This approach never made me too dependent on others, and thus I was able to become a professional gradually. I launched my wesite in 2005 and worked as a religious artist part-time until 2010, when I was finally ready to resign from my last day job. Those years gave me time to build a portfolio and a reputation.
I was able to figure, based on experience, how much money I was earning from artwork relative to the hours spent making it, and to contrast that to how much money I was earning at my day job. I became a full-time artist when the arithmetic suggested that I would make just as much money that way. I probably hesitated for about a year longer than necessary (much of which I wasted trying to find a different day job). I lost money for the first three months, but after that was making more than before.
So yes, it is possible. But I would recommend making the transition to being a professional gradually. Set up a website and a newsletter first, build a portfolio and a list of contacts. When you make and sell art, log the hours, count the money, do the arithmentic. You can devote more time to art as it becomes more relatively profitable. Take comfort in knowing that if you fail (financially, that is), you can just go back to the way things were before until you are ready to try again. I told myself before I made the plunge: if it doesn’t work this time, I can just go get a part-time job to make ends meet. I won’t be able to accept as many commissions, but I can still accept some, maintain the website and sell prints - and really, nobody else even needs to know.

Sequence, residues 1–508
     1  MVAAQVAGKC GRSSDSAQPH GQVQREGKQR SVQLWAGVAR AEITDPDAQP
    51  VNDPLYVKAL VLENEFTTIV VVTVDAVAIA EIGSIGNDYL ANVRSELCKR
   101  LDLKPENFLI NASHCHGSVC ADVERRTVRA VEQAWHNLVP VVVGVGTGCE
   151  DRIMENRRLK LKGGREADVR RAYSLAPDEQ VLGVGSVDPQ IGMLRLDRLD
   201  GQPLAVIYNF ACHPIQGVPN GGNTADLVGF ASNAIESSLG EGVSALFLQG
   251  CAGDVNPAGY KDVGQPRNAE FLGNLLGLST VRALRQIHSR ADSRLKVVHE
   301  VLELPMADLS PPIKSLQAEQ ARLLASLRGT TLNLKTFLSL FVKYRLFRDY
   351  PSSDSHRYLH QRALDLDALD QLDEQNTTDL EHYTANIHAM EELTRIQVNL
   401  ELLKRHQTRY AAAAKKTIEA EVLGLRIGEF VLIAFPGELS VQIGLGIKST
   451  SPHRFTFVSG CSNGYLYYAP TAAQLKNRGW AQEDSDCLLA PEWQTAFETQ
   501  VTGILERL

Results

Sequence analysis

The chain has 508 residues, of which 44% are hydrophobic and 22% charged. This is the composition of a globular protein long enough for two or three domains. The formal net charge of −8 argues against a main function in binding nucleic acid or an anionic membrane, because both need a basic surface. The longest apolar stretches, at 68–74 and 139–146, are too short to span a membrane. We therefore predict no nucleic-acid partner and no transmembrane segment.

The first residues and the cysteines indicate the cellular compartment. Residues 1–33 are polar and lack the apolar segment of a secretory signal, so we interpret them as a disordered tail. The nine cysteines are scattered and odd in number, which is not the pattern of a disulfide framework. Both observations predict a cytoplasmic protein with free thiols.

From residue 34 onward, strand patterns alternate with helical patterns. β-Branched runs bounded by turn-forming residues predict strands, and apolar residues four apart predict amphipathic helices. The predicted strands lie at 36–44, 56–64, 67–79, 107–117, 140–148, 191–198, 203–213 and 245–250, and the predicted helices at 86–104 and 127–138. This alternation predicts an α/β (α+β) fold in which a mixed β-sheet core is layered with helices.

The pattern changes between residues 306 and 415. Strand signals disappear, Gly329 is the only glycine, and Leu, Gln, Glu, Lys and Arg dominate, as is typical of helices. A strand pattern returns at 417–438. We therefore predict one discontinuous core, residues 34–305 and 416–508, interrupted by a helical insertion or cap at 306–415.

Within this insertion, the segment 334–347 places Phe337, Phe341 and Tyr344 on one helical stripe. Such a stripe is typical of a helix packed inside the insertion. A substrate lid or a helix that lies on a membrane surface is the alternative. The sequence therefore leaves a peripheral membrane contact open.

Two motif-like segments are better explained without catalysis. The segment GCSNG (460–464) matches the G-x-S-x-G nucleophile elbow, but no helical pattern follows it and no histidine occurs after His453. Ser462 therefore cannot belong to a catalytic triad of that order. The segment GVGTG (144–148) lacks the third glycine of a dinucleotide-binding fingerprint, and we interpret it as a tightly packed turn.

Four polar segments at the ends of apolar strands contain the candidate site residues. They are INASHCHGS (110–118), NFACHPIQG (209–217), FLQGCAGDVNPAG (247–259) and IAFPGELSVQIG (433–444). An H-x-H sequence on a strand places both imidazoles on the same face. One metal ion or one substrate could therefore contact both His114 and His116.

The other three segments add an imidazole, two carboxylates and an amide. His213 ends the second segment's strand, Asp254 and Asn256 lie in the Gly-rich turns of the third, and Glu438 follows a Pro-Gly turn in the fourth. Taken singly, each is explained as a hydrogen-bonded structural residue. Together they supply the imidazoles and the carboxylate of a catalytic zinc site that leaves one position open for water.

Now all of that was made easier by three things: first, relative to other artists doing similar work, I draw very quickly. Second, the materials and tools for ink drawing are not very expensive. I can buy the best available, yet barely even think about the investment in materials and tools since it is so much less than that needed for oil painting or sculpture. And third, most of my drawings are small. So I was able to build a portfolio of many different works quickly.
At this time, I recommend that you put most of your effort into building a portfolio. Consider making more, smaller paintings (or drawings, if you are interested in that medium) in order to have enough works to build a website around and to give patrons an idea of what sort of art you are able and interested to make. Your existing portfolio is your biggest asset in securing new commissions.